Furious fights over school policy and curriculum — some a proxy for larger cultural conflicts — continued unabated in Loudoun County this week, with some parents moving to recall members of the embattled school board and others forming a group to oppose that effort. Fight for Schools, a parent organization that has advocated against the school district’s equity initiatives, is seeking the recall of five Loudoun County School Board members over their alleged violation of Virginia open meeting laws. A Loudoun County Circuit Court judge ruled Tuesday that the one recall petition the group has filed to date, against board member Beth Barts (Leesburg), could advance to trial, denying Barts’s motion to dismiss. Five parents of Loudoun students in grades two through 12 have formed a political action committee, Loudoun For All, to counteract the recall effort, which it called “appalling” in a news release. 
The Washington Post

Leigh B. Middleditch, Jr., whose centrist community activism over several decades sought solutions to divisive issues, died Monday at the age of 92. Middleditch, a long-time partner with the McGuireWoods LLP law firm, served on dozens of committees and boards of directors for agencies and organizations both locally and statewide. His most recent 8-year effort to change the way Virginia draws its district boundary lines for the General Assembly and the House of Representatives resulted in a state constitutional amendment approved by voters last November.
The Daily Progress
(Note: Middleditch was a longtime supporter of VCOG.)

The Culpeper County Board of Supervisors, at its Tuesday morning meeting, declined to support a pair of resolutions that would have taken a politically symbolic stand against COVID-19 vaccine and testing mandates. Salem Supervisor Tom Underwood proceeded to call his colleagues on the board “a bunch of wimps” for not supporting him. Underwood replied the timing is good for the voters in Stevensburg, referencing Supervisor Bill Chase, the county’s longest-serving supervisor, being up for reelection in November and facing two challengers. “They get to decide if they want to vote for someone that refuses to support this resolution in front of an election. They get to see that Mr. Chase, as he said, the wimp in Stevensburg, is not supporting standing up for employees,” the Salem supervisor said. Chase retorted, “I think that’s pretty stupid of you to make this a political issue. This is an issue for the safety of the citizens…so for you to make it a political issue is stupid and you’re being stupid.”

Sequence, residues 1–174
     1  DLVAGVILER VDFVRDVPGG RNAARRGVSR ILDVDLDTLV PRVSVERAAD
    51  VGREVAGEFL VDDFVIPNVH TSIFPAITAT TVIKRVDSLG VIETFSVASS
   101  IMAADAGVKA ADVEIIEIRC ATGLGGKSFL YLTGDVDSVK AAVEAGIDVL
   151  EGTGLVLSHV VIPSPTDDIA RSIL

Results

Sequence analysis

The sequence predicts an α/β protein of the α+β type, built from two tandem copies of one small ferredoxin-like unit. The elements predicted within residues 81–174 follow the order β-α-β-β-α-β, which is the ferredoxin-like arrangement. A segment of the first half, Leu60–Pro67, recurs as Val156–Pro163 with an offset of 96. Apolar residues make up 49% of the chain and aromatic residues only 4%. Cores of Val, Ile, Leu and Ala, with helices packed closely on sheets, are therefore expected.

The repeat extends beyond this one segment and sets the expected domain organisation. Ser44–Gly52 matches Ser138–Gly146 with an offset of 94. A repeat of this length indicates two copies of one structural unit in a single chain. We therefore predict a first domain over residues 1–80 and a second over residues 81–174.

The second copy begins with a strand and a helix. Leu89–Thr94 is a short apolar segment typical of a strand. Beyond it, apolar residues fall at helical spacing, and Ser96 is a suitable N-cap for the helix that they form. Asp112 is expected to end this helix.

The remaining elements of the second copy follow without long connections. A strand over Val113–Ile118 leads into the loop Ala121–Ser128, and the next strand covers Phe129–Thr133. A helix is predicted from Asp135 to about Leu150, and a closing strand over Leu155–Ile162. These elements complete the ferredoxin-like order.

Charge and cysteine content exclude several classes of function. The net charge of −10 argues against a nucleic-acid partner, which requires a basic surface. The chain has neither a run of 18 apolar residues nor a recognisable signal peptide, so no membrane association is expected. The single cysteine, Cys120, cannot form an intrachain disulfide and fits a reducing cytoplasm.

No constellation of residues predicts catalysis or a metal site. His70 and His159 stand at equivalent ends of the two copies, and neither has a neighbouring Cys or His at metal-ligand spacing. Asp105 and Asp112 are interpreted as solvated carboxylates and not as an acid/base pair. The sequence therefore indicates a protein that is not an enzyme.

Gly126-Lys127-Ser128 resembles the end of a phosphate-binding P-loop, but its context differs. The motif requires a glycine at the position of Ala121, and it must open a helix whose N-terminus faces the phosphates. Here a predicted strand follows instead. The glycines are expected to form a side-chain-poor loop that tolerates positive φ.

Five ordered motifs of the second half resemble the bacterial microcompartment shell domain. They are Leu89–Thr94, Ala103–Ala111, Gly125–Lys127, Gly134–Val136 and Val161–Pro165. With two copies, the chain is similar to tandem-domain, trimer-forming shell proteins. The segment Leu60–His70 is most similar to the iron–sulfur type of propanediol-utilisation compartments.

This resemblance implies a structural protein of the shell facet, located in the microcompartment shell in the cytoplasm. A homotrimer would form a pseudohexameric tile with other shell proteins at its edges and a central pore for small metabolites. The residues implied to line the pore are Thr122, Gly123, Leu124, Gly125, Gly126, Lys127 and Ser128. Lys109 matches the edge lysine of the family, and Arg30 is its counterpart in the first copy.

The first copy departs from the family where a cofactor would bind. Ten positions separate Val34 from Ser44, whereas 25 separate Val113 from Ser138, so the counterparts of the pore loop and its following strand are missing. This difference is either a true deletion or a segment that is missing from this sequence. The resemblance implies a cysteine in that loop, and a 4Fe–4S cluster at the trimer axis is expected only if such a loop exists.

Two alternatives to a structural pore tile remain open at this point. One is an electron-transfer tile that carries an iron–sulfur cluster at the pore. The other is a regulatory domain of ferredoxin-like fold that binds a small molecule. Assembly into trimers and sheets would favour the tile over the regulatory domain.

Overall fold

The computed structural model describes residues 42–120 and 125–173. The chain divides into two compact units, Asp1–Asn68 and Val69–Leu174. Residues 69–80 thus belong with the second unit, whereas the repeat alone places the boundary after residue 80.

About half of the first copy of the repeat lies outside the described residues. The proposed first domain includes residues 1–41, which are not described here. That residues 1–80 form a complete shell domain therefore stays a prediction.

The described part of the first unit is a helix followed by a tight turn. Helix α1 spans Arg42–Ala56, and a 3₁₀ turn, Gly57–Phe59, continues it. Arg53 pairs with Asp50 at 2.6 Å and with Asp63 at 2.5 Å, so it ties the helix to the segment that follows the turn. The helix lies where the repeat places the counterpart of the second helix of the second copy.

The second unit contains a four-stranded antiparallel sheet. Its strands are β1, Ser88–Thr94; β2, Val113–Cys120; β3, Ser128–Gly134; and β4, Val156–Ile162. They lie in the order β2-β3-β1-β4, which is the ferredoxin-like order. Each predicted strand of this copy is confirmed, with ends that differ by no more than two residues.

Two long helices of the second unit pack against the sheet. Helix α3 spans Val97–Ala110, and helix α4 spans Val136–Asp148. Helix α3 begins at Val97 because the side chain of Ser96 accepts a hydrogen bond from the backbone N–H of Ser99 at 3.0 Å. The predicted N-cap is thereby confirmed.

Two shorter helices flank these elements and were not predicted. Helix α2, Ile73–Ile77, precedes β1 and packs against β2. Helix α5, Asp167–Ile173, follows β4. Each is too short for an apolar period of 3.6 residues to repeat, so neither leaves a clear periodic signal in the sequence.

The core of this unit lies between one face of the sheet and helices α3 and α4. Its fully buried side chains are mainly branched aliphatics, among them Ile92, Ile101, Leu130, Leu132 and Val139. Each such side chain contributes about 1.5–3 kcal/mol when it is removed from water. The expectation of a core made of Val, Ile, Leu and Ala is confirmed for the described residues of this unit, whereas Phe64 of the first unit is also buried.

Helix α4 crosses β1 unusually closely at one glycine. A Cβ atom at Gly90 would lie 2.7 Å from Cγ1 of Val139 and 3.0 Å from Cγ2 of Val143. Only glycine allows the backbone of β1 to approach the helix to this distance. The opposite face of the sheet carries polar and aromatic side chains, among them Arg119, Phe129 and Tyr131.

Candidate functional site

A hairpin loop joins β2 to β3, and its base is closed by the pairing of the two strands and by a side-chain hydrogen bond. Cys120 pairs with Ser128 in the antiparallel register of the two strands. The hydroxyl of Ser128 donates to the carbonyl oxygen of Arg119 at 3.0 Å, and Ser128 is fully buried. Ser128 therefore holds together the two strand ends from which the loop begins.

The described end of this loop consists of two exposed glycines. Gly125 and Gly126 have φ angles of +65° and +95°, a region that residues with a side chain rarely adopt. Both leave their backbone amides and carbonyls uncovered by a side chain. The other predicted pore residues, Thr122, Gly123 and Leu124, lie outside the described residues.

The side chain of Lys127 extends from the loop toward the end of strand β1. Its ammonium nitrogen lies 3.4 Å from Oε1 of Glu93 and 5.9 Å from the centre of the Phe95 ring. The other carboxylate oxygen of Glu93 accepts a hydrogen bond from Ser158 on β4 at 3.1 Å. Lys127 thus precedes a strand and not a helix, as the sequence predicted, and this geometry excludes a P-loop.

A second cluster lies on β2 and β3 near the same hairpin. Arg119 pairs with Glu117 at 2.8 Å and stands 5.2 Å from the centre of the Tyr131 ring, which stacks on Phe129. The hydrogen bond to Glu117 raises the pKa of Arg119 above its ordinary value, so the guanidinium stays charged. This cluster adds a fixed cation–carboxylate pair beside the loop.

Culpeper Star-Exponent
stories from around the country
"You cannot allow torture to be done in secret and kept in secret."
The U.S. Supreme Court hears arguments Wednesday in a case testing the limits of public disclosure about the CIA's secret torture program after the Sept.11 attacks. The central issue of the case concerns whether a Guantanamo Bay detainee who has never been charged with a crime can subpoena testimony from the CIA contractors who supervised his torture. "Yes, this case is about gathering information for use by the Polish prosecutions," Cornell law professor Joseph Margulies says. "There needs to be an accounting. Torture must be known. You cannot allow torture to be done in secret and kept in secret. That's fundamentally what this case is about." Specifically the question before the court is whether the so-called "state secrets privilege" protects the information in this case. The privilege, adopted by the high court in 1953, allows the government to seek to block evidence for a trial in the interest of national security.